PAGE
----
His magazine stories have appeared in The New Yorker, The Atlantic Monthly, Harper's and other publications and his books have been published in fourteen countries. It was four years old and replaced a previous house that had burned in a fire in November 1896. As Galveston and Corpus Christie brace themselves for Hurricane Harvey, this fantastic book is fresh on my mind. It's clear that Larson focuses on Isaac Cline so that he can examine the issues of hubris and human flaws: Isaac's own hubris in failing to predict the storm, and the hubris of the newly modern science of weather and climate prediction. The hurricane dashed the island's future as a major financial port, nature disproving the science of the day and leaving no doubt that Galveston was a dangerous place to make major investments in shipping and manufacturing operations -- investors fled as did many survivors unable to live with the memories of such devastation and loss of lives.
But this book is a definite recommend. C 1999 Erik Larson All rights reserved. Seventy to eighty such waves drifted from West Africa into the Atlantic every summer, some dangerous, most not. A white New Englander from the country-club scene, Tom passed up Harvard to fly fighters for his country. Finished last night with this interesting, scary and moving story.
The Bering Glacier began to shrink. Weather Bureau, to exert ever more centralized control over forecasting and the issuance of storm warnings. The campus was not severely damaged; however, the infrastructure of Galveston Island as a whole was. Entire buildings and homes were gone. Wind gusts of 200 miles an hour generating pressure of thirty tons slammed against the wall of the houses.
By wrapping the central narrative around a meteorologist, the author attempts to gather the diverse facts and events into a personal context. This outstanding author waltzes us It's been 15 years since I read this chilling account of the event that annihilated more than 6,000 American souls in one fell swoop, but it still haunts me. Nothing in nature could hobble the gleaming city of Galveston, then a magical place that seemed destined to become the New York of the Gulf. Floods in the Lower Mississippi Valley. Weather Bureau failed to grasp the true meaning of the strange deep-sea swells and peculiar winds that greeted the city that morning. Along the way the Larson provides details of man's efforts to predict and control the weather and the often-disastrous results when we got it wrong! It didn't sound like something that would interest me in the slightest. He did not know there was such a thing as the jet stream.
The human side of the story was fascinating. A heat wave gripped large parts of the United States. The reading added to rather than distracted from the story. Most such waves faded quickly. As the bureau's forecasters assured the nation that all was calm in the Caribbean, Cuba's own weathermen fretted about ominous signs in the sky. Children played in the rising water.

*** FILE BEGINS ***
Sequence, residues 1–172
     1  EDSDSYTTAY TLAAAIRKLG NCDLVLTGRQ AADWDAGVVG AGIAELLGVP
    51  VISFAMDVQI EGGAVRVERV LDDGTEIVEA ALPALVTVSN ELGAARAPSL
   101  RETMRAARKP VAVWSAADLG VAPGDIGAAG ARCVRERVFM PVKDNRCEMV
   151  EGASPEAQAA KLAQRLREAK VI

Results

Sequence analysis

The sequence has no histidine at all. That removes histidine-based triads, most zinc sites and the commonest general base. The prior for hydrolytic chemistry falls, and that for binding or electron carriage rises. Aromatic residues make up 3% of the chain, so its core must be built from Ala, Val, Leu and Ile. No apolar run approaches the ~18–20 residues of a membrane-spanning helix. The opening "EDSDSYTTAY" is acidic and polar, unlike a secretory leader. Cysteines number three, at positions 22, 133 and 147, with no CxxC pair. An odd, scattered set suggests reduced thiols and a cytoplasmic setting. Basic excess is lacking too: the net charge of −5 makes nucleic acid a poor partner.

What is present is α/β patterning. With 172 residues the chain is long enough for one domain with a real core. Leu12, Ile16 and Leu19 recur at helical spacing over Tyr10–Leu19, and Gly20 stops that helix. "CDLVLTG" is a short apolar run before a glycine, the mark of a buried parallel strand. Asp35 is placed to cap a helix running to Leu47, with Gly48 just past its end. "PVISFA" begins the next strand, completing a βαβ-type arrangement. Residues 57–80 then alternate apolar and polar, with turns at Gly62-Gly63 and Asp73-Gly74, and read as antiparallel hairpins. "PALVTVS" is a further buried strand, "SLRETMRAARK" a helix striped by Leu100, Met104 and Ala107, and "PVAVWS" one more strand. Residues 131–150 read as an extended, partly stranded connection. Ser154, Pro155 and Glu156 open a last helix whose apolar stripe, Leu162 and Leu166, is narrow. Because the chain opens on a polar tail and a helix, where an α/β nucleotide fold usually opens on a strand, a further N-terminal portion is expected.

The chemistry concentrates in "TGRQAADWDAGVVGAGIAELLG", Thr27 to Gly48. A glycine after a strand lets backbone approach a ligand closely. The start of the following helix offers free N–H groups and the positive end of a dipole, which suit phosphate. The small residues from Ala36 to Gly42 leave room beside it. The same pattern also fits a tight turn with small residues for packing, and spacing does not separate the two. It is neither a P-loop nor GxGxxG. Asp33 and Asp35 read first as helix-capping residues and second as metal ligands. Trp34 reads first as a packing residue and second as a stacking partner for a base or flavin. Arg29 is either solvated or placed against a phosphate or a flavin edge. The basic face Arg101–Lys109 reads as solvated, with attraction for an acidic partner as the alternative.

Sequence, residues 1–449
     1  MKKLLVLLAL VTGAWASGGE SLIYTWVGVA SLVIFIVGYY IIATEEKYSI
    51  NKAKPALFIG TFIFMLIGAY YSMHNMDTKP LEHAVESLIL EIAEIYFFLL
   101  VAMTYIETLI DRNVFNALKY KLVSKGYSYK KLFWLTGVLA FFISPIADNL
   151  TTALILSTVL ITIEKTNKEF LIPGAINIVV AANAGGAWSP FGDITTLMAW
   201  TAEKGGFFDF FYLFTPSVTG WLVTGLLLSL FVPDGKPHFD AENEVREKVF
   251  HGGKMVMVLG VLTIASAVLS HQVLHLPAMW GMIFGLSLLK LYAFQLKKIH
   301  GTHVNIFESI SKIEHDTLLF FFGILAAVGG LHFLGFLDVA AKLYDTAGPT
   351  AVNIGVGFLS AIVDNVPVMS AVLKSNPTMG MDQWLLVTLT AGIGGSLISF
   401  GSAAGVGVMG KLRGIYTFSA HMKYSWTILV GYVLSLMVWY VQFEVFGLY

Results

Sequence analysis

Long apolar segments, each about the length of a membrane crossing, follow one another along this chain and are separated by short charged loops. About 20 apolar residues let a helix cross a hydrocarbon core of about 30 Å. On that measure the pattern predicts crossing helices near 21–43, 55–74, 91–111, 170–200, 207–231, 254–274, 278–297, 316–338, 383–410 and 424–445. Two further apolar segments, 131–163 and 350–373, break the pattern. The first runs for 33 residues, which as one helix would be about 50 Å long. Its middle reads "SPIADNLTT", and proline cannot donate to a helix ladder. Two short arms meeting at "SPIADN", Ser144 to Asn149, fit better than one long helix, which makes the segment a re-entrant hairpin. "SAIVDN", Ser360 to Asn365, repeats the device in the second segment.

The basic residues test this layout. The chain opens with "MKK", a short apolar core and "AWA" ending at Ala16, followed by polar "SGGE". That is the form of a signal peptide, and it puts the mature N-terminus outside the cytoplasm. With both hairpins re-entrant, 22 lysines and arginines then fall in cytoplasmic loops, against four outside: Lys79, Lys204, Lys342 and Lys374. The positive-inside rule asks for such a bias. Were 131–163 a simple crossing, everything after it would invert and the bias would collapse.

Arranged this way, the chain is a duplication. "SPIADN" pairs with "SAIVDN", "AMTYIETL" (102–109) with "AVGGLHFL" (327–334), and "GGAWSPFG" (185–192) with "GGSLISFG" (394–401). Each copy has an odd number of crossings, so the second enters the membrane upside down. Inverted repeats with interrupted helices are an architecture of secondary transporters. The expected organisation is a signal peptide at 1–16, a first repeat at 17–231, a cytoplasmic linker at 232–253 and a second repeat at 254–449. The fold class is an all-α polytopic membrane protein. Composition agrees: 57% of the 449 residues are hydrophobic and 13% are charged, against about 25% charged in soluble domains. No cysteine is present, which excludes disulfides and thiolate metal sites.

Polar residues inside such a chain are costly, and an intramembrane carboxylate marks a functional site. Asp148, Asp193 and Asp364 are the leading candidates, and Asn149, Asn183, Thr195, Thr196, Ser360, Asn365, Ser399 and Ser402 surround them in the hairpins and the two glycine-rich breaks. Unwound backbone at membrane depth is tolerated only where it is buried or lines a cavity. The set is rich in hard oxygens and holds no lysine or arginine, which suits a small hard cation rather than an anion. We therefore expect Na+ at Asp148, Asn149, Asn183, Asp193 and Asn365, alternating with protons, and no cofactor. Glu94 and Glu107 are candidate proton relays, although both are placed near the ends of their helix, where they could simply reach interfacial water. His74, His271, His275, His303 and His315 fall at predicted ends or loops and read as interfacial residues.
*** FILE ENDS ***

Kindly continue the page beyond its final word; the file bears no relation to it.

A meteorologist with a medical degree and a strong understanding of storms and the Law of Storms, Isaac had a high opinion of himself. A curious stillness gripped Antigua. Junger was faced with the problem of having to create a narrative where none existed, since there were no witnesses or survivors to the sinking of the Andrea Gail. Everywhere you looked, there was a reason to feel proud and patriotic. In my opinion, the ruse fails, to a degree, since the meteorologist in question was certainly not a major figure in the events; the star of the book would more rightfully belong to the storm itself, or perhaps more properly, to the naivete of the municipality of Galveston in failing to prepare for what should have been seen as an inevitable event. Their lives intersect during one of the greatest criminal chases of all time.
. Still, I can't help but to feel awed whenever I read a book about a 100-year-old storm that keeps me so on the edge of my seat. At the end of the book recording is an interview with the author. The telltale signs had been there. I like to listen to my books more then once, but I don't think I could endure this version again.
The book cried out for photos. I always find it frustrating when Larson describes the looks of people and buildings with such details and eloquence, yet no photos or drawings wind up in the book. A large amount of air high into the atmosphere begins to circle. Everyone reveled in the refreshing coolness. Most days the Gulf was as placid as a big lake, with surf that did not crash but rather wore itself away on the sand. You will get that too, but first you must build up to the storm and understand the politics dictating the actions of the Weather Bureau. Based on seven years of research with primary documents, some of them never tapped before, this is destined to become the Grant biography of our times.